A Chinese national who fled because he feared persecution for violating China's birth-control regulations has been granted political asylum in the United States.
Yun Pan Lee, 26, won permission to stay after San Francisco Immigration Judge Bernard Hornbach determined that he would face harsh treatment if he returned to China, where his wife had been discovered in hiding and was forced to abort a pregnancy in the fifth month, Lee's attorney, Jon Wu, said. The ruling was rare, Wu said, in that Chinese nationals seeking asylum on grounds of possible reprisals for their opposition to the country's "one-child" rule have regularly been turned down.
Wu said Lee, a carpenter who was staying in San Francisco and is currently working in New York City, lived for months with the fear that he might be deported and frequently cried when he showed the attorney pictures of his wife and two sons.
"When the judge granted asylum, he got on his knees and bowed to the ground," Wu said.
Lee was arrested at San Francisco International Airport last October on charges that he was carrying a forged passport. He was kept in jail until February when Hornbach ruled favorably on his application for asylum. However, objections were raised by the Immigration and Naturalization Service, which appealed the ruling.
The INS dropped the appeal last month. The announcement that Lee faced no more hurdles in his attempt to gain asylum was made Wednesday in Washington by Sen. William Armstrong (R-Colo).
Lee fled China last year after his wife became pregnant with a third child. Lee said the pregnancy was unintentional. The couple had already been punished because of an earlier accidental pregnancy in 1981, Wu said.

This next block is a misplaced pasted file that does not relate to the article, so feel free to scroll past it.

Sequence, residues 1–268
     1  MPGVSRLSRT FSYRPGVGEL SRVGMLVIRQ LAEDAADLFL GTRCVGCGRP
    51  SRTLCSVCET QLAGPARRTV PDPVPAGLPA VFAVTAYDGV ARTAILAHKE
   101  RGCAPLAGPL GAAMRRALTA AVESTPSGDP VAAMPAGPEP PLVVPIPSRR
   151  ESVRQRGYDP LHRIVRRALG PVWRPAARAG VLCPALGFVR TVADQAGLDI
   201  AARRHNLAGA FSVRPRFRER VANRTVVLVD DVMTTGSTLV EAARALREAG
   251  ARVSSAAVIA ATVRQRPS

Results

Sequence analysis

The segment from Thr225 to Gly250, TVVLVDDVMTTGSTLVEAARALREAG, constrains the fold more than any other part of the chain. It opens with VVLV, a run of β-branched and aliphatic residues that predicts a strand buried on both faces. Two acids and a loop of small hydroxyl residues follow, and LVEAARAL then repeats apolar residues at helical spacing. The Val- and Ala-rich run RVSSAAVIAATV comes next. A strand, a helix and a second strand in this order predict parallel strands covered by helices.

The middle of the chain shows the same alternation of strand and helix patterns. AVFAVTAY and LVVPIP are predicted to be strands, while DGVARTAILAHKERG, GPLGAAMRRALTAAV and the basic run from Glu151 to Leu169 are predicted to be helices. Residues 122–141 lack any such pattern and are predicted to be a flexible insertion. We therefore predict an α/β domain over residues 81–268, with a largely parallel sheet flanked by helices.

"They took away his work assignment, cut off his electricity, imposed fines and cut off his food rations," Wu said.
Although Lee urged his wife to have an abortion after the second accidental pregnancy in 1988, as a Roman Catholic she did not believe in abortion and wanted to bear the child, Wu said.
Knowing that they would face further persecution for that decision, Lee decided to seek another home for his family while his wife went into hiding to have the child. But a villager reported Lee's wife to Chinese authorities, who then forced her to have an abortion, the lawyer said.
Wu said he is working to reunite Lee and his family in the United States. Because Lee has been granted asylum, he can eventually seek citizenship, making it easier to bring his family here to join him, assuming that they are able to emigrate.
"I've received a lot of tearful letters from his wife saying, 'Thank you for this, you've brought us peace and harmony,"' Wu said.
Wu said he is in the process of contacting the U.S. consul general in Gwangzhou, near Lee's family home in Fuzhou, about getting Lee's family out of China. However, he said that might be difficult because Chinese officials probably consider Lee a counterrevolutionary.